8 UConn Faculty Receive NSF CAREER Awards

NSF CAREER Awards support early-career faculty in establishing their research programs while also reaching out to students and community members

Top Row L-R: Alix Deymier, Clay Tabor, Xinyu Zhao, Ying Li. Bottom Row L-R: Fei Miao, Jasna Jankovic, Julie Fosdick, Gaël Ung.

Eight UConn researchers across six disciplines have received CAREER awards for 2021.  

The National Science Foundation Faculty Early Career Development (NSF CAREER) Program awards competitive grants to support the research programs of early-career faculty who demonstrate remarkable potential to become leaders in their field.  

In addition to advancing research, these projects work to actively engage students and the community. This broadens the impact of the research and encourages students on all levels and community members to take an interest in STEM researcher.  

2021 is the second-highest number of CAREER awards for the university, second only to when UConn faculty received nine in 2019.  

Alix Deymier, assistant professor, Department of Biomedical Engineering 

Deymier will work to elucidate the relationship between skeletal composition, structure, and physiological pH in terms of how it releases ions to regulate the body’s pH.  

Bone plays an important role in regulating the body’s pH by releasing ions as it dissolves. Cases of bone loss and osteoporosis caused by pH balances are increasing. This phenomenon is also responsible for conditions like acidosis, which occurs when there is an excess of acid in bodily fluids.  

The mechanism through which bones release ions and regulate pH is poorly understood due to a lack of transdisciplinary approaches to this complex problem.  

Deymier will develop a laboratory that can apply transdisciplinary tools and investigative methods to address this question. This project will support Deymier’s long-term career goal of integrating materials science, biology, and chemistry.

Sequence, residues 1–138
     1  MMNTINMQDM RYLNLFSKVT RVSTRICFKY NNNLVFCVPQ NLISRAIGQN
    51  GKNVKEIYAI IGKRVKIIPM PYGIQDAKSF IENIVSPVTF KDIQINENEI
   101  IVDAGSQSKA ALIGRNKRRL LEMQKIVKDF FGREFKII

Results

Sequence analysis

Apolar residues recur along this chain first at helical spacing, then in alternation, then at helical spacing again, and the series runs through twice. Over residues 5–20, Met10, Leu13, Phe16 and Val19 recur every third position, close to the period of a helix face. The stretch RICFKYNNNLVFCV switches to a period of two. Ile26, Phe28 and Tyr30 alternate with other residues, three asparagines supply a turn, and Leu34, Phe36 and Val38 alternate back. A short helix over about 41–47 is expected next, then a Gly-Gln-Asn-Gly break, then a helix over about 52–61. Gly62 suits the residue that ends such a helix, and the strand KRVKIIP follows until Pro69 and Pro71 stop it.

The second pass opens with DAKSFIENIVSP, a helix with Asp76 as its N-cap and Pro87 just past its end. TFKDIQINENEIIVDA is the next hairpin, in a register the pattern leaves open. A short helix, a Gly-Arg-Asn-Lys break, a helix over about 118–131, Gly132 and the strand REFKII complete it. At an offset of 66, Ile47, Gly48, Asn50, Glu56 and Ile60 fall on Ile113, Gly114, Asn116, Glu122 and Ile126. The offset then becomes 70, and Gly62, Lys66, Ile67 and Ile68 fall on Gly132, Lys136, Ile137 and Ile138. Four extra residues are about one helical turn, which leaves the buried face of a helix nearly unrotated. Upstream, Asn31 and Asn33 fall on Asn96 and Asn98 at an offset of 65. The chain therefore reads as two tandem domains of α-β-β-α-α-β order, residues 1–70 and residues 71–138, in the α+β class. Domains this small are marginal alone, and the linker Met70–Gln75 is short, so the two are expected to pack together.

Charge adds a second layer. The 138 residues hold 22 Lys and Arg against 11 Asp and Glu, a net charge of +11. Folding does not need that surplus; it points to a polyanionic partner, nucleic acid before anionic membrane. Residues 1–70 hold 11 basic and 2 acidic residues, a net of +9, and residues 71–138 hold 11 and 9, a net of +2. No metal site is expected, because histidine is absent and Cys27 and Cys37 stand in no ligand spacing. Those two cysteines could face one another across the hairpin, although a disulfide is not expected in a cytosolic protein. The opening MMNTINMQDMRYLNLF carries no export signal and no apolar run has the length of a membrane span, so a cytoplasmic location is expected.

This grant will also allow Deymier to support and mentor female-identifying students in her lab through the self-efficacy education program (SEEP) and through a K-12 outreach program.  

Clay Tabor, assistant professor, Department of Geosciences 

Tabor will increase understanding of what prehistoric data can tell us about the earth’s climate millions of years ago, and how we can expect it to change.  

Tabor will utilize the most widely used data set of ocean temperature, circulation, and sea level from the past five million years to model marine isotopic response (which refers to alternating warming and cooling periods) to a number of long-term phenomena. This will help illuminate what mechanisms drive regional and global variations in marine oxygen isotopic records. 

The mid-Piacenzian period Tabor is studying is an analogue to our current trend of global warming. This research will help us understand how increasing greenhouse gas concentrations are contributing to sea level rise and ice volume loss.  

Through this grant, Tabor will develop an accessible community database and online data visualizer so that others can utilize these models and data. He will also develop workshops for graduate students and early career scientists at UConn, and a high school-level module on the ice ages.   

Xinyu Zhao, assistant professor, Department of Mechanical Engineering  

Zhao will advance understanding of flame extinction by looking at how droplets impact the extinction limit of any given mixture.